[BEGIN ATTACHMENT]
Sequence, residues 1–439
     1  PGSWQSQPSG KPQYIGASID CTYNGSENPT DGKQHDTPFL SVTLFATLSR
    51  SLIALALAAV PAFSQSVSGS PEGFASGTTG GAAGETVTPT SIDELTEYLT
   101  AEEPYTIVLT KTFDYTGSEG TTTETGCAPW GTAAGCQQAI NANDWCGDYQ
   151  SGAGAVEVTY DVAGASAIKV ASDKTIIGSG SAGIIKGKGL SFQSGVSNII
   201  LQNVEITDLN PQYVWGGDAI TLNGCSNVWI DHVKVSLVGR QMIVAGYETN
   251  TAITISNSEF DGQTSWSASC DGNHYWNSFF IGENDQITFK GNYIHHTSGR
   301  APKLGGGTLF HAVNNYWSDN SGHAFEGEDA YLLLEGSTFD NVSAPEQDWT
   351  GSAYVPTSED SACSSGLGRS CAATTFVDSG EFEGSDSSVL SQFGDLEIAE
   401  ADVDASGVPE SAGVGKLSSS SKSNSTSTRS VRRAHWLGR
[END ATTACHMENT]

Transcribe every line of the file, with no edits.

Sequence, residues 1–439
     1  PGSWQSQPSG KPQYIGASID CTYNGSENPT DGKQHDTPFL SVTLFATLSR
    51  SLIALALAAV PAFSQSVSGS PEGFASGTTG GAAGETVTPT SIDELTEYLT
   101  AEEPYTIVLT KTFDYTGSEG TTTETGCAPW GTAAGCQQAI NANDWCGDYQ
   151  SGAGAVEVTY DVAGASAIKV ASDKTIIGSG SAGIIKGKGL SFQSGVSNII
   201  LQNVEITDLN PQYVWGGDAI TLNGCSNVWI DHVKVSLVGR QMIVAGYETN
   251  TAITISNSEF DGQTSWSASC DGNHYWNSFF IGENDQITFK GNYIHHTSGR
   301  APKLGGGTLF HAVNNYWSDN SGHAFEGEDA YLLLEGSTFD NVSAPEQDWT
   351  GSAYVPTSED SACSSGLGRS CAATTFVDSG EFEGSDSSVL SQFGDLEIAE
   401  ADVDASGVPE SAGVGKLSSS SKSNSTSTRS VRRAHWLGR